Is IKEA aware of this article? Perhaps we should send a copy of it to their press/media department ASAP.
    edited April 6
  • Reply 6 of 17
    robin huberrobin huber Posts: 3,293member
    Herman Cain proposes we go back to the gold standard. I propose we peg our currency to the world value of the iPhone.
    edited April 6
  • Reply 7 of 17
    hentaiboyhentaiboy Posts: 1,029member
    MacPro said:
    My last company accountant went to jail. They seem to be (well some of them) a breed apart.
    We had a company Payroll Admin pay herself two salaries for over a decade. Unfortunately she skipped the country before her deeds were discovered. 
  • Reply 8 of 17
    danoxdanox Posts: 387member
    sflocal said:
    It just leaves me shaking my head to think that anyone - no matter how crafty they are - can think they can keep up such an illegal operation going without getting caught.  I can only guess that the woman started small, and it just mushroomed to where it was so big she got cocky and sloppy.

    I looked up her name on Facebook and only one person with that name in a town near Toronto.  I wonder if it's the same person.  An article says that she made a deal with the prosecutor as long as she could keep her house and settled... only to have that deal thrown out when she committed other crimes - which they eventually discovered - like vacations, sports tickets, etc.. that they took her house.

    What a mess this woman is.
    White Collar crime pays again......
  • Reply 9 of 17
    danoxdanox Posts: 387member
    tokyojimu said:
    And what does this have to do with IKEA?
    Company colors are similar?
  • Reply 10 of 17
    larryjwlarryjw Posts: 424member
    Sloppily run organizations will always get scammed sooner or later.
  • Reply 11 of 17
    sflocalsflocal Posts: 4,744member
    hentaiboy said:
    MacPro said:
    My last company accountant went to jail. They seem to be (well some of them) a breed apart.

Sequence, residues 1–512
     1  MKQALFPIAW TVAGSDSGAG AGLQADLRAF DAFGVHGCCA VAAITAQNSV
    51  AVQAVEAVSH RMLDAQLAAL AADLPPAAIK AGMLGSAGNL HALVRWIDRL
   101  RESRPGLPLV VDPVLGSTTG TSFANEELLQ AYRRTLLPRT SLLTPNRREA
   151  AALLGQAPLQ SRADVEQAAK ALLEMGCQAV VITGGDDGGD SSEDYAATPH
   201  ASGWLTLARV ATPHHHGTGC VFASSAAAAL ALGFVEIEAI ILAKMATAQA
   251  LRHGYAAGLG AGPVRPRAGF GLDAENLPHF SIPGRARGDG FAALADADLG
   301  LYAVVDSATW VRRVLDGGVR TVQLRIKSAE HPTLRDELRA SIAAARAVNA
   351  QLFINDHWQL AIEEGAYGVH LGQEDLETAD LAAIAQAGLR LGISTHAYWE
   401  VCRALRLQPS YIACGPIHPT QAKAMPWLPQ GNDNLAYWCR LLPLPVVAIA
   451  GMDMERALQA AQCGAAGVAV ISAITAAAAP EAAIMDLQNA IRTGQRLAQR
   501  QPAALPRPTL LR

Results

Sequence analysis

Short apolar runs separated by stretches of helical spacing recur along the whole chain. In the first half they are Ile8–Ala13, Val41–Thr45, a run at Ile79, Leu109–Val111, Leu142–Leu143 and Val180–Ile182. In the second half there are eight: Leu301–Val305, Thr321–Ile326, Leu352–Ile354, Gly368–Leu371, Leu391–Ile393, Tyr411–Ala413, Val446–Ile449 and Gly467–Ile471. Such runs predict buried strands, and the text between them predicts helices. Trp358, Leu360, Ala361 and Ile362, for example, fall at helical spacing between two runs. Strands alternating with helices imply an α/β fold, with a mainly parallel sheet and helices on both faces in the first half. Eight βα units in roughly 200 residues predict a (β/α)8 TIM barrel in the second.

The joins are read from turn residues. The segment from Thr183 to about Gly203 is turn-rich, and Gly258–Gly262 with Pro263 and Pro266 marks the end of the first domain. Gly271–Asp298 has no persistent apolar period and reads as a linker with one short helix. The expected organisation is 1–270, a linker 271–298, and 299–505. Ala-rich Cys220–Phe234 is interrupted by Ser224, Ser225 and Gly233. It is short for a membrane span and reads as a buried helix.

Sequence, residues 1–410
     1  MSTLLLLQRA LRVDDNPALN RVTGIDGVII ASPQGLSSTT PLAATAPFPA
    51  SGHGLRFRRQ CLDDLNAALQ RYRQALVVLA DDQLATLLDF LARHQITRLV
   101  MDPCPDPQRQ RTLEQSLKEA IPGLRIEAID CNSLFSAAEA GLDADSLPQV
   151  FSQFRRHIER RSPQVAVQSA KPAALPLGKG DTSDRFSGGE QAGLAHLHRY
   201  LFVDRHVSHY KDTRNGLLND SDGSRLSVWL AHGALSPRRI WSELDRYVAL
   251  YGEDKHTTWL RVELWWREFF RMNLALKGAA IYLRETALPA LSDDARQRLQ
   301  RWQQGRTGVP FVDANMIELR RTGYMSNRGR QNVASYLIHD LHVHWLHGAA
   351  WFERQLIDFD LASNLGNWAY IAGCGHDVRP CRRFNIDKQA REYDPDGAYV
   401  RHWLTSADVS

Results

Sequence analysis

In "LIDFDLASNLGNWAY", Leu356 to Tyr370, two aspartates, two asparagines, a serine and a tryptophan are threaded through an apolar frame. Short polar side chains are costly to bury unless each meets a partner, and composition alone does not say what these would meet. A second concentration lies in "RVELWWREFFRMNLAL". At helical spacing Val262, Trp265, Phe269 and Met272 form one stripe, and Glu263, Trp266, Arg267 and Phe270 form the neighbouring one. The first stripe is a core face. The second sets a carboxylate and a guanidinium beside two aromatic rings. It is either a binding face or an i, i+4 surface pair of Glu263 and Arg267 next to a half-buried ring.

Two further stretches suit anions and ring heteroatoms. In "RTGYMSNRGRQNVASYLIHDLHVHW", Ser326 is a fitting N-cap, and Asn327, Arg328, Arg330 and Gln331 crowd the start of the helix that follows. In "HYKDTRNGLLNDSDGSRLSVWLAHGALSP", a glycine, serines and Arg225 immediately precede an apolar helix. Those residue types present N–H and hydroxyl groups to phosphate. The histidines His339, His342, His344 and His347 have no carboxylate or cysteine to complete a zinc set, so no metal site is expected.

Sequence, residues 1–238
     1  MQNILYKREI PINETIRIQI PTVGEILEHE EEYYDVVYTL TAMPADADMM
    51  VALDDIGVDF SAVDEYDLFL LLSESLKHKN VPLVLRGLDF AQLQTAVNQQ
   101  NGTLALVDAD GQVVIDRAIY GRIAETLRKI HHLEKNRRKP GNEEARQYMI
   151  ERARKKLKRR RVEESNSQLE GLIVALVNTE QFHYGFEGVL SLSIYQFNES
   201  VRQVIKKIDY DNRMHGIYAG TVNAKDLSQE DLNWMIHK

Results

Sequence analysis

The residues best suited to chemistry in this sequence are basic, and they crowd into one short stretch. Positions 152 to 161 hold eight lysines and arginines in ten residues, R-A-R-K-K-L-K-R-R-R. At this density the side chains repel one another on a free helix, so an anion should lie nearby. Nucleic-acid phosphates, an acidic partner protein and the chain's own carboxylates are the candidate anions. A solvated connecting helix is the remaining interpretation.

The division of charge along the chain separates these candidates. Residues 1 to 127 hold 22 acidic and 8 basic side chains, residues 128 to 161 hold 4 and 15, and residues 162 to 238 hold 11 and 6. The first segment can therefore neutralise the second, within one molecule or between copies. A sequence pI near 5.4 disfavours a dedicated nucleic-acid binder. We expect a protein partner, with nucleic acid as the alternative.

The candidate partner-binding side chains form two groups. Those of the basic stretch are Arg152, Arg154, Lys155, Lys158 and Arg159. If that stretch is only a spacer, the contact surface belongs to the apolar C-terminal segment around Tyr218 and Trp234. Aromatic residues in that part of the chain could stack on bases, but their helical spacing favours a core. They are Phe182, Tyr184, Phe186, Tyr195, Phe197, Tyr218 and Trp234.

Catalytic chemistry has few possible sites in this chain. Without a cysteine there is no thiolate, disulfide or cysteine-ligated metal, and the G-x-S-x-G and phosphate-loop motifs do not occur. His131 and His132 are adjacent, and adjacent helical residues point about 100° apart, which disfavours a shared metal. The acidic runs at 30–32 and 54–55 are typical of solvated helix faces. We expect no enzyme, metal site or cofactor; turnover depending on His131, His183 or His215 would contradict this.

We had a company Payroll Admin pay herself two salaries for over a decade. Unfortunately she skipped the country before her deeds were discovered. 
    Many years ago, I was tasked with investigating why certain financial entries didn't balance.  The amount was very small, almost not worth the effort but we in IT were asked to investigate it to rule out a system issue.  After spending the day investigating it, the entries in question didn't look right.  Asked my partner-in-crime for his opinion and between the two of us (outside of accounting) we realized the accounting manager was embezzling for years, almost right when he first started that job.  His managerial position allowed certain privileges - like the ability to activate one-sided-journal-entries - and he slipped up.

    Telling no one, we forwarded our findings directly to the CFO (who was a really cool guy) and the manager was promptly fired that day.  We don't know if he was criminally prosecuted as this was just before the dot-com era so news wasn't so freely available.  
  • Reply 12 of 17
    sflocalsflocal Posts: 4,744member
    ... redundant.

    edited April 6
  • Reply 13 of 17
    tokyojimu said:
    And what does this have to do with IKEA?
    “Deals were typically conducted in parking lots at the Yorkdale Shopping Centre and an Ikea in Vaughan.”
  • Reply 14 of 17
    larryjw said:
    Sloppily run organizations will always get scammed sooner or later.
    I used to work at a well known retail establishment. One of the employees was consistently having friends come in and buy merchandise with cash. The employee would open the cash drawer but actually put the money into a pants pocket. It also happened several times with regular customers who happened to pay cash. It didn't take long for the store's management team to notice something was off. Security footage was pulled and which employee it was was quickly determined. From there they let it go for a while longer, with only the management team and some inventory people being aware. They built their case, confronted the employee (who could not deny what was shown as proof) and then terminated the employment.